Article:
Vail Resorts, Inc. (NYSE:MTN) announced today that all employees at their ski areas will face a wage cut effective April 2 for year-round workers and next season for seasonal employees. It was either slash paychecks or jobs and President/CEO Rob Katz, chose the former to preserve guest experiences.

"We're preserving jobs rather than (generating) massive layoffs," said Kelly Ladyga, Vail's vice president of corporate communications told OnTheSnow.com today (3/12/09). "I can tell you that the vast majority of employees realize that and feel very fortunate today."

"If we cut back too far in our employees, we're not going to be able to deliver that experience that people expect," Katz told Fox News. "We've asked everyone to take a little bit less. That gets us a really good savings and lets us go forward and really focus on what we need to focus on - which is next season, next year, and this summer."

Katz included himself in the cuts and waived his salary for the next 12 months, which according to Businessweek.com is $835,414.  The 39-year-old CEO will still have an income of $2,526,141 in "other compensation" and stock options. Katz said he will take a 15 percent salary reduction after the one-year period. Each outside member of Vail's board of directors has also decided to reduce their annual cash retainer by 20 percent.

"It's clear that with the uncertainty that lies ahead, reducing cost is an imperative," said Katz. "Before I can ask (others to take less), it has to start with me. I have to lead by example and set the tone for everyone. By asking everyone to take less, starting at the top, we can continue to focus on our mission of extraordinary resorts, exceptional experiences."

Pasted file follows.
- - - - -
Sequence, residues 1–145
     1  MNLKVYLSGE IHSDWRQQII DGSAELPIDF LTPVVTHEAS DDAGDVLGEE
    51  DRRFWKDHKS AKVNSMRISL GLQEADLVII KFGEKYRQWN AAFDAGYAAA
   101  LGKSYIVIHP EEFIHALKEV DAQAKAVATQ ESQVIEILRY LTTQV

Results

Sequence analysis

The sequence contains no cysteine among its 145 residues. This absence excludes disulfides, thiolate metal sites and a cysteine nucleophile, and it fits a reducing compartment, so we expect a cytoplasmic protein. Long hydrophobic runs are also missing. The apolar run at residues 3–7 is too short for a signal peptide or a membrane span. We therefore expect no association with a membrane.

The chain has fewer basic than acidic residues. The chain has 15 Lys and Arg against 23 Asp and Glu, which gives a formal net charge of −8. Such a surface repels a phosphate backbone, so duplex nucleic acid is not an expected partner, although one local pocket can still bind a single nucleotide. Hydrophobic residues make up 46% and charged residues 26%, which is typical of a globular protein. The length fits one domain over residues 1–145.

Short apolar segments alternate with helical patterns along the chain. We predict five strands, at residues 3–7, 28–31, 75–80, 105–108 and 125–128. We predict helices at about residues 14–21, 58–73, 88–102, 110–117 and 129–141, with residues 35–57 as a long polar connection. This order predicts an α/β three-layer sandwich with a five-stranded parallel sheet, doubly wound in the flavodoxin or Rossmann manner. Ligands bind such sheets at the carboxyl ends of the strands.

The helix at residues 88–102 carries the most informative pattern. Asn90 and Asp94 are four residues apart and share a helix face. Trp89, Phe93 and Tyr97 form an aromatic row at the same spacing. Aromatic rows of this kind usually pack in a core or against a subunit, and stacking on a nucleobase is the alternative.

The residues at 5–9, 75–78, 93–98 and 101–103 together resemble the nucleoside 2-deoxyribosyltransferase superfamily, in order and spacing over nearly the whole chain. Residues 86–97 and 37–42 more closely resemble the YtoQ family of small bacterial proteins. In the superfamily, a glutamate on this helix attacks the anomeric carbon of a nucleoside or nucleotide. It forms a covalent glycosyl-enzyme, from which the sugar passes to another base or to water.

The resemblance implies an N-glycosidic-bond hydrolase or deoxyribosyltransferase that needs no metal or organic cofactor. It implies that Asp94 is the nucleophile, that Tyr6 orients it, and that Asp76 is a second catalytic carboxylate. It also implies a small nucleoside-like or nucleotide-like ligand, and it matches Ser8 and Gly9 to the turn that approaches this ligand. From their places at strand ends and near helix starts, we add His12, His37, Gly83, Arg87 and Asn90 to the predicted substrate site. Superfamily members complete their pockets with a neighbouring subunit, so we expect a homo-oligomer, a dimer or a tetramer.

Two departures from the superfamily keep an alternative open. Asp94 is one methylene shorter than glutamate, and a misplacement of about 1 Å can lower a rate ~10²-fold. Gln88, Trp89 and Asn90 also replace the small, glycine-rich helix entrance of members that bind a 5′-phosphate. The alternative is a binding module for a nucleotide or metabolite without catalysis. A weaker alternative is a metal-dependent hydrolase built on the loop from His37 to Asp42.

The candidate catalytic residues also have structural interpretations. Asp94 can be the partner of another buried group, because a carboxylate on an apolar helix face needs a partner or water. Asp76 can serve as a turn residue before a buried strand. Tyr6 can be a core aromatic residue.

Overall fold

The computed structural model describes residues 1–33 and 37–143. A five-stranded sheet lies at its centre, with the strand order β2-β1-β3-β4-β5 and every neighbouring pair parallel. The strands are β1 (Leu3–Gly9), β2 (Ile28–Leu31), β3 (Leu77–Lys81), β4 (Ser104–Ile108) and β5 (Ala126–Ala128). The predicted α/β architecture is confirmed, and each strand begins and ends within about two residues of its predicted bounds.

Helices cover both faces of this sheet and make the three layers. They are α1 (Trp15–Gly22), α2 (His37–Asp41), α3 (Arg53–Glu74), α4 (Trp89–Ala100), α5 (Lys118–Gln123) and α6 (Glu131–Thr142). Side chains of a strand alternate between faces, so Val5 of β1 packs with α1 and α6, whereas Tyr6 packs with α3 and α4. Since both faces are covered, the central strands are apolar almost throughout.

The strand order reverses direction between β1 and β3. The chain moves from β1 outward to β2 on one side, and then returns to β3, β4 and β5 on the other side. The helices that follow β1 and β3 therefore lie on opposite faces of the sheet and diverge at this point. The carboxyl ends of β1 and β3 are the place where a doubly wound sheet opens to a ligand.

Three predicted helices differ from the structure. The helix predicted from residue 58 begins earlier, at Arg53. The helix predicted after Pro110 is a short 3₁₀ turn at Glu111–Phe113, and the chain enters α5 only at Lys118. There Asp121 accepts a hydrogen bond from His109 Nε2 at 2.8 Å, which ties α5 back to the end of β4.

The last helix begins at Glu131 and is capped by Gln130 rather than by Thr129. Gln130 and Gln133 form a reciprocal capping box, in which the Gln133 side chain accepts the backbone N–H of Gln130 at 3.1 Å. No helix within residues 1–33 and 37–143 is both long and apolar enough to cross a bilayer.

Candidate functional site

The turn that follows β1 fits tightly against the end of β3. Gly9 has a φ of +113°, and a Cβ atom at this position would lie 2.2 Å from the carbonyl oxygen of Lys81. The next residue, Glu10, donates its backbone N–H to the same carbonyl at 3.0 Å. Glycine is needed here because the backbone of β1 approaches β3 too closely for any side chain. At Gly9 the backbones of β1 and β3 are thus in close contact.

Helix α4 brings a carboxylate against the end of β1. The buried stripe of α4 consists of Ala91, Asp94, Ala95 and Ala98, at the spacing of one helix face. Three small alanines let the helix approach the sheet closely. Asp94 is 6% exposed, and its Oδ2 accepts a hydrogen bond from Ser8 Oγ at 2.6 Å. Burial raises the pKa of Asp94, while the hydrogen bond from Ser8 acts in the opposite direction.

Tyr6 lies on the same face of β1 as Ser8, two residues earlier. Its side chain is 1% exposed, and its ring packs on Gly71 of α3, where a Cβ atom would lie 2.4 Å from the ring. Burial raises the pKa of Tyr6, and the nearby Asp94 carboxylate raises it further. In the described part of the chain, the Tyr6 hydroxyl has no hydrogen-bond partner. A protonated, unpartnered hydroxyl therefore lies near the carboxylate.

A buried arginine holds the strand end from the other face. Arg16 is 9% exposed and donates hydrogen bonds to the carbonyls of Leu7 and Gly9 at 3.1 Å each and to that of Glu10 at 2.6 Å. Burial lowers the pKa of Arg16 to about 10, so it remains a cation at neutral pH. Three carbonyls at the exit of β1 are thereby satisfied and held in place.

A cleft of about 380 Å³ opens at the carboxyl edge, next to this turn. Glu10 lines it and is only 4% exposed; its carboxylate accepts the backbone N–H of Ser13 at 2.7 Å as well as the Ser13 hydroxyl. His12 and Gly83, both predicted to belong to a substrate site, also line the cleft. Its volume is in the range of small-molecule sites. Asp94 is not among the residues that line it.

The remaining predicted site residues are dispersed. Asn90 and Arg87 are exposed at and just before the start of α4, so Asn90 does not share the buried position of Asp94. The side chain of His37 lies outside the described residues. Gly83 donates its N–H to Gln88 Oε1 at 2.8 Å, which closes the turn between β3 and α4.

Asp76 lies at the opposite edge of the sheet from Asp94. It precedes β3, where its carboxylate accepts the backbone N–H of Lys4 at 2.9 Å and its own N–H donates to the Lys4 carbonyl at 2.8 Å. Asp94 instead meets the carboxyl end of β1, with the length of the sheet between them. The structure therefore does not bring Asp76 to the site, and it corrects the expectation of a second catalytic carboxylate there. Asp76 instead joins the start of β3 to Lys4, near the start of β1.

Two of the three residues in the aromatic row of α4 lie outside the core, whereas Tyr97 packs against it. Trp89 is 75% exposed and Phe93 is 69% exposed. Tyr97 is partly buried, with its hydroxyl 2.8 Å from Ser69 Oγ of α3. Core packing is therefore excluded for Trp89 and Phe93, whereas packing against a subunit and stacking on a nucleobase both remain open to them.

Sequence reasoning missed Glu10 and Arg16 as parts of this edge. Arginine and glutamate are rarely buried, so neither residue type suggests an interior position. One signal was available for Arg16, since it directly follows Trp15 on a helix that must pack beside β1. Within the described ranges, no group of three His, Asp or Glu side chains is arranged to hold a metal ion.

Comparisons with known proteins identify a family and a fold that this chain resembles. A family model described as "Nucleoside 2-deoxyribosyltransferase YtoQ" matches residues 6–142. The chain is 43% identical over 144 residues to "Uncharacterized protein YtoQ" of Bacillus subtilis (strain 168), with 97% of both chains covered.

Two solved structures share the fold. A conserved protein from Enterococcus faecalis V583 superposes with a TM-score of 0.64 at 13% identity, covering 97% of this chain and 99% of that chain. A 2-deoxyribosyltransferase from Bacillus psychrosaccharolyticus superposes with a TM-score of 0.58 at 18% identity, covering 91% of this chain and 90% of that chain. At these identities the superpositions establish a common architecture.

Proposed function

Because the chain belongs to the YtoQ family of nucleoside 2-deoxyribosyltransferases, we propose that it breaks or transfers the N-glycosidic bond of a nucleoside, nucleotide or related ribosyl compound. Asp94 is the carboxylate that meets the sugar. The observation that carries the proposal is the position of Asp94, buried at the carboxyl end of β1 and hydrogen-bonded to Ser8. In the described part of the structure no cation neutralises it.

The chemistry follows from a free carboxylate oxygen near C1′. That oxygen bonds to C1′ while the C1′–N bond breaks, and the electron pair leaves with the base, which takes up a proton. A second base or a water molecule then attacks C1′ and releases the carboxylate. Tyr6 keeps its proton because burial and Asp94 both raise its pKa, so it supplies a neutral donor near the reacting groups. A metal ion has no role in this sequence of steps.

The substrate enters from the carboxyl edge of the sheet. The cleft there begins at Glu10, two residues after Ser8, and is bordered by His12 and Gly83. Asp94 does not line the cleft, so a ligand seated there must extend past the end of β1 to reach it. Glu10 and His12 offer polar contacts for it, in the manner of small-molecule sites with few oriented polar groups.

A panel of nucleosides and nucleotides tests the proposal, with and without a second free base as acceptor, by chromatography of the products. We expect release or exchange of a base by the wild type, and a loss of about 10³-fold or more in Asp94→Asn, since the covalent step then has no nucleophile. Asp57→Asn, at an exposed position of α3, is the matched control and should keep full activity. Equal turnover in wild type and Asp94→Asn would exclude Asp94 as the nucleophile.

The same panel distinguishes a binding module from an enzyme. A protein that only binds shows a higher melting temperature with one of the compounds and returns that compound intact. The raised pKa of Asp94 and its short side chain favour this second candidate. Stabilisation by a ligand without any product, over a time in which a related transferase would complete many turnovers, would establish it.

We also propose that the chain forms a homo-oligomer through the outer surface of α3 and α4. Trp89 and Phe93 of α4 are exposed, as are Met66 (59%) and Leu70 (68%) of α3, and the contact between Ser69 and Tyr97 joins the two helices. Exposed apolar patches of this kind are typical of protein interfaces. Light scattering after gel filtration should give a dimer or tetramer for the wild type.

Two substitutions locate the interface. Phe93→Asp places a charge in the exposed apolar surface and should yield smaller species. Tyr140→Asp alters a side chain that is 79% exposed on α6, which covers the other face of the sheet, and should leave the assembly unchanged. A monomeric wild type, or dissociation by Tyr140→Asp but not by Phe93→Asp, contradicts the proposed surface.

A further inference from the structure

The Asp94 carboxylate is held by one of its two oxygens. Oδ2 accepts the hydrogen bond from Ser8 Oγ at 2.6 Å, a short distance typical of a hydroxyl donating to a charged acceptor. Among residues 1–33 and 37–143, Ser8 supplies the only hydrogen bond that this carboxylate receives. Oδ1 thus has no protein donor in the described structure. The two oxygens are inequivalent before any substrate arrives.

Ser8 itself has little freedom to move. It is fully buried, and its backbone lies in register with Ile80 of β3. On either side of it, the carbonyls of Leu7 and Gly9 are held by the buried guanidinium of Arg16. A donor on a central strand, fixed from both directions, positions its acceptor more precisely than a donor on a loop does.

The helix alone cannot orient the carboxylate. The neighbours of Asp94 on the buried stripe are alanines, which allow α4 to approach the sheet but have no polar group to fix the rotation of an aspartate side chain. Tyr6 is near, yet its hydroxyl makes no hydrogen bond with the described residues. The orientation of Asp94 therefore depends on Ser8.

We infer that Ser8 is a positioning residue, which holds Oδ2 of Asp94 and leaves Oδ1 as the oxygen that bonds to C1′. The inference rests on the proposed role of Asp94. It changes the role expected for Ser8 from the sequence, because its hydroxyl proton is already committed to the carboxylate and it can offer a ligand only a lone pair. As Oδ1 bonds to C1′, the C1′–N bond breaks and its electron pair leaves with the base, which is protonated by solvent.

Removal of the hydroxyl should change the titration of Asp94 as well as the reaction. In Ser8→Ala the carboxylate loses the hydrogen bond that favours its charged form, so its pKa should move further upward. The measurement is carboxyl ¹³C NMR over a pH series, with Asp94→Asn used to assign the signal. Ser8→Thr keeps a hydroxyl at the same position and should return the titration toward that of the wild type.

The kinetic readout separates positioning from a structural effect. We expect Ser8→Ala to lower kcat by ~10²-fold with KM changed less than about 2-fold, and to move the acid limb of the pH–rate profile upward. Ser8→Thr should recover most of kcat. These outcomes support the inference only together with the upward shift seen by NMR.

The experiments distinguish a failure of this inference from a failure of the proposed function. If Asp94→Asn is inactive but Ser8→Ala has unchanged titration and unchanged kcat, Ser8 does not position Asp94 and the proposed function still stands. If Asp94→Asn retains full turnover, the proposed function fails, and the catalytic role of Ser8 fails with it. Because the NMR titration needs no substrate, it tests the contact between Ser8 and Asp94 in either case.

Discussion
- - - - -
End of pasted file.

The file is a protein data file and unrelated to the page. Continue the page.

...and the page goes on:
The across-the-board wage cuts will run on a sliding scale from 2.5 percent for seasonal employees to 10 percent for executives. In other words, a ski instructor making $16 an hour might make $15.40/hr instead.

On the bright side, to make up for the ding, each full-time, year-round employee will receive a grant of stock-based incentive compensation with a value on a sliding scale from 1.5 percent of salary to 7.5 percent of salary for executives.

Soon, there will be more than 2,500 employees owning stock; up from approximately 260, giving more employees ownership in Vail Resorts. According to Forbes,, these cuts will save the company more than $10 million. Following the announcement, Vail's stock climbed 12.42 percent this afternoon to close at $18.56, but that's still a lot less than the company's 52-week high of over $49.

Will employees walk? With most companies banking on worker's fears of unemployment and a thin job market, Vail employees will likely opt for job security and a little less money in their pocket, over a lay off. The silver lining is that if Vail's stock eventually climbs back up to last year's levels, pay cut losses will be recovered.

"We are positioning ourselves for the future," added Katz. "We have a strong balance sheet and can survive the downturn." Good news for everyone.